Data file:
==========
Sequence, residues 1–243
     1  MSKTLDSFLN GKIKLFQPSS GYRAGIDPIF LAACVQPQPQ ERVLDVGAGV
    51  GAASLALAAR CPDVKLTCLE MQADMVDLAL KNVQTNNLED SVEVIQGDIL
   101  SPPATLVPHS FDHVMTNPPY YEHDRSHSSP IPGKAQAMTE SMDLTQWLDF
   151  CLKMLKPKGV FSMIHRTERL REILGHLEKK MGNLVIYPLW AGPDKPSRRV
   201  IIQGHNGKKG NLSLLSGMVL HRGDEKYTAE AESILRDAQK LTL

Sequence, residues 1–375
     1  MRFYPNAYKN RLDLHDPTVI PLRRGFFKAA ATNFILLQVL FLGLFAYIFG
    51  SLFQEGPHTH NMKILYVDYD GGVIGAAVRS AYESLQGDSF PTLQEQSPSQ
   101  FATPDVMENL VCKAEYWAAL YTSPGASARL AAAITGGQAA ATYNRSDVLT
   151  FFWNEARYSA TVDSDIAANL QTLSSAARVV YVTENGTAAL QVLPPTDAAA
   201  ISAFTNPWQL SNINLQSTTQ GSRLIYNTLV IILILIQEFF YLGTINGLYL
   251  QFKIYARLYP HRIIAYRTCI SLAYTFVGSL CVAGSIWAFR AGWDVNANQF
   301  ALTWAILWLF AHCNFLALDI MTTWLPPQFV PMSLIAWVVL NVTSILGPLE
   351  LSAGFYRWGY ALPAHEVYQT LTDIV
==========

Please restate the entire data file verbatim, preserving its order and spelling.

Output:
Sequence, residues 1–243
     1  MSKTLDSFLN GKIKLFQPSS GYRAGIDPIF LAACVQPQPQ ERVLDVGAGV
    51  GAASLALAAR CPDVKLTCLE MQADMVDLAL KNVQTNNLED SVEVIQGDIL
   101  SPPATLVPHS FDHVMTNPPY YEHDRSHSSP IPGKAQAMTE SMDLTQWLDF
   151  CLKMLKPKGV FSMIHRTERL REILGHLEKK MGNLVIYPLW AGPDKPSRRV
   201  IIQGHNGKKG NLSLLSGMVL HRGDEKYTAE AESILRDAQK LTL

Sequence, residues 1–375
     1  MRFYPNAYKN RLDLHDPTVI PLRRGFFKAA ATNFILLQVL FLGLFAYIFG
    51  SLFQEGPHTH NMKILYVDYD GGVIGAAVRS AYESLQGDSF PTLQEQSPSQ
   101  FATPDVMENL VCKAEYWAAL YTSPGASARL AAAITGGQAA ATYNRSDVLT
   151  FFWNEARYSA TVDSDIAANL QTLSSAARVV YVTENGTAAL QVLPPTDAAA
   201  ISAFTNPWQL SNINLQSTTQ GSRLIYNTLV IILILIQEFF YLGTINGLYL
   251  QFKIYARLYP HRIIAYRTCI SLAYTFVGSL CVAGSIWAFR AGWDVNANQF
   301  ALTWAILWLF AHCNFLALDI MTTWLPPQFV PMSLIAWVVL NVTSILGPLE
   351  LSAGFYRWGY ALPAHEVYQT LTDIV